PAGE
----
Our seventh and final day, my favorite course in Scotland, maybe anywhere.
I loved this old course south of Edinburgh when I played here in 2016; loved the views of the islands in the Firth of Forth and the view of the Kingdom of Fife beyond, and the stone walls, and the way the golf course started and ended in the town of North Berwick.
When we planned the trip, I very much wanted Jason to see North Berwick Golf Club.
As our round unfolded, we were a twosome behind a very slow foursome, who seemed to have no clue about the basics of a decent pace, despite having caddies. After about four or five holes, the course marshal visited with them, and then us, suggesting that at some point the group would let us play through. (They never did, but the marshal’s visit seemed to inspire them to pick it up a bit, anyway.)
But I told the marshal I wasn’t in a hurry. It was my last round in Scotland, a sunny day, and I was playing with my eldest son. I had no reason to want it to be over. (Touched, he promised to meet us on the 11th tee, for a photo, and did that.)
So, seven days of golf in Scotland, the two of us, was special. Jason has many great qualities — integrity, loyalty, work ethic, sense of humor. He took good care of Pops on this trip, laughed at my quips, and introduced me to Malcolm Gladwell podcasts on our longer drives.
We talked about his brothers, golf, baseball and, on our walk on the Old Course on Sunday morning, my thoughts about getting older.
North Berwick has some iconic holes. The North Berwick Golf Club was founded in 1832. The par 3 No. 15 hole, called Redan, the green hidden behind a dune, has inspired similar holes in many places. The 16th hole features a long green with a swale in the middle.
The most unique hole is No. 13, a par 4, where the green is nestled behind and immediately abutting an old stone wall. Three years ago, I rammed my approach shot into the stone wall. I had thought about that hole often on this trip, how I would play it this time around.
And rammed my approach shot into the stone wall.
Then again, Jason lofted a shot that cozied up just in front of the wall, a position from which you can do almost nothing if you care about the face of your club, or your own face. (Pro tip: Avoid the wall.)
Overall, after that, I finished well. I closed with three bogeys and two pars over the last five holes, as the wind picked up and the course grew longer. On the last blind approach of the trip, to the green at the 17th, I had one my best strokes of the journey. Final score: a 97 from the red tees (5,775 yards). In the end, after 8.5 rounds and various wagers, I owed Jason $1; totaling all our scores, he beat me by one stroke.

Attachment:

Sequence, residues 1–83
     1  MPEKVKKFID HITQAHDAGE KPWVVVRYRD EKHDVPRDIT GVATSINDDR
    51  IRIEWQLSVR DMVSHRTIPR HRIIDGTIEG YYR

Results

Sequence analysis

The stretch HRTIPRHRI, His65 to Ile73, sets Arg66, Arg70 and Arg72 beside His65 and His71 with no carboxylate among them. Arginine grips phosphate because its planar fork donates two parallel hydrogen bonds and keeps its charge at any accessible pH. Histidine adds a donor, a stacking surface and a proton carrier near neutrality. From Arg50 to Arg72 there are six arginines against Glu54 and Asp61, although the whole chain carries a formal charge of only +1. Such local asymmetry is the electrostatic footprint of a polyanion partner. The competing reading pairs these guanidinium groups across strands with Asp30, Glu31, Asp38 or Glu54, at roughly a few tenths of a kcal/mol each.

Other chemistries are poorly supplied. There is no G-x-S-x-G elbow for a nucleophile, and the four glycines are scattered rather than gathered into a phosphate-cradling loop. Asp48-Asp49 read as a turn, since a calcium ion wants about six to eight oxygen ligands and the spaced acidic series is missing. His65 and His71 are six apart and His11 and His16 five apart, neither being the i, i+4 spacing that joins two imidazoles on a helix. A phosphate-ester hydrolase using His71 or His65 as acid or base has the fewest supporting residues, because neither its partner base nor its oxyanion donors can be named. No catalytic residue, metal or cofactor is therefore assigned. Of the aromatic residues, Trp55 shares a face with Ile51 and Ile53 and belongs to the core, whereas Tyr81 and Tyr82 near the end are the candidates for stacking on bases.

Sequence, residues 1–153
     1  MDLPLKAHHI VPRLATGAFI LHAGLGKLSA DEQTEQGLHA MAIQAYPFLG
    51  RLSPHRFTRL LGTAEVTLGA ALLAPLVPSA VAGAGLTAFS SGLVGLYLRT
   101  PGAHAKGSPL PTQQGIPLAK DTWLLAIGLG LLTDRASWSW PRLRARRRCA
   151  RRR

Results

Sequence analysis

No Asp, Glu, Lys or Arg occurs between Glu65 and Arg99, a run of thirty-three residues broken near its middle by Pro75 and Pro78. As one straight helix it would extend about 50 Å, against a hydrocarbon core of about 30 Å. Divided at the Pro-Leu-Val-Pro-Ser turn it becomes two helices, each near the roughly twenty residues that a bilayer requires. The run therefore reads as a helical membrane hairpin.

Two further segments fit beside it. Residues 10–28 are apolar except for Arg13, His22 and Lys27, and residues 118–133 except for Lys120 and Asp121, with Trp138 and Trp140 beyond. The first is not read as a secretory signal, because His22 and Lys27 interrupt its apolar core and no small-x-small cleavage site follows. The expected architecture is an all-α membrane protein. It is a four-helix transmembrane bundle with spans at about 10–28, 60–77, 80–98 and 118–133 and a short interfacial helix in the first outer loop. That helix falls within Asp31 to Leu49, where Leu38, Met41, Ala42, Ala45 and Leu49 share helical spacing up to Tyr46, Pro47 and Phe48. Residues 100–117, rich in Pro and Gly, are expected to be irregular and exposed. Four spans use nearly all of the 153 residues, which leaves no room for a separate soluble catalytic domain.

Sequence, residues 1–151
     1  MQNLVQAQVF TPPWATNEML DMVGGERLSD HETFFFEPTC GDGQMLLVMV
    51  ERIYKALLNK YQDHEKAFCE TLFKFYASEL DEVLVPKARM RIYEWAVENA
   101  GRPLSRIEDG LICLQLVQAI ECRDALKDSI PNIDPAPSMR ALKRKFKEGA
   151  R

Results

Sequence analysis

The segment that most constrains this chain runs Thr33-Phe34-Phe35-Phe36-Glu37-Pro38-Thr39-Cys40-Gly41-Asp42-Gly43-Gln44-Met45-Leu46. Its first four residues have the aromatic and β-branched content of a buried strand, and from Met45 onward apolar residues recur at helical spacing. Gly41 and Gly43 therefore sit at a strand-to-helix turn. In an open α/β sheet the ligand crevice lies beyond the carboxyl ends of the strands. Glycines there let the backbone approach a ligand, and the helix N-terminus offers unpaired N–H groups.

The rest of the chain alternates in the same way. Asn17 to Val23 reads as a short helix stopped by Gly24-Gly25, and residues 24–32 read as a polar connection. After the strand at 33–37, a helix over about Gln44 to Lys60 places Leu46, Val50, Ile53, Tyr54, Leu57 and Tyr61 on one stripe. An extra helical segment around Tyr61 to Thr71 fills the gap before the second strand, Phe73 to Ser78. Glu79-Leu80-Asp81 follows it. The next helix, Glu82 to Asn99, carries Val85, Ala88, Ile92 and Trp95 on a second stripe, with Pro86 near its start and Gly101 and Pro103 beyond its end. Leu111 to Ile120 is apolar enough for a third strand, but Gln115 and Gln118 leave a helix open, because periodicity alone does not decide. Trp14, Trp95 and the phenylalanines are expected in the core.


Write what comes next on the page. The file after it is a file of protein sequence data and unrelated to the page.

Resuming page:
In the big picture, as a 19-handicapper, I played well enough here to enjoy the rounds; I had some bad holes, but no bad rounds; for me, I played competently and had fun. For that, I credit my teacher, Bob Duncan at Emerald Valley in Creswell, who worked with me over the past weeks to get me ready for some of the shots I would need, and on my overall swing.
And, going back to some of the thoughts I had on the way here, I think my Dad would have enjoyed playing with us here; I think he would have been proud, and thinking of him here was inspirational.
As we walked down the 18th fairway, we noticed something we hadn’t expected: an empty first tee box. After finishing up, we wandered over to investigate the possibility of another round, only to learn that on that day, members-only hours began at 3 p.m., and it was now four minutes past that.
By that point, the wind was up, and our bodies were tired; for the second day in a row, I happily carried my bag. We weren’t devastated to be denied, but if allowed, we would have gone around again. We’d always go around again.
On an unforgettable trip of a lifetime, we played golf until they turned us away.
That evening we had another excellent Italian dinner in a place called Zitto. And for this night, I had reserved a room in the Marine Hotel with a view of the course and the Firth. We saw that view in the late afternoon and evening, and the next morning, as we left our room for the airport in Edinburgh and the flight home, we looked back and had one last glimpse of golf in Scotland.
Last day, last photo together, taken by the marshal behind No. 11 tee at North Berwick Golf Club.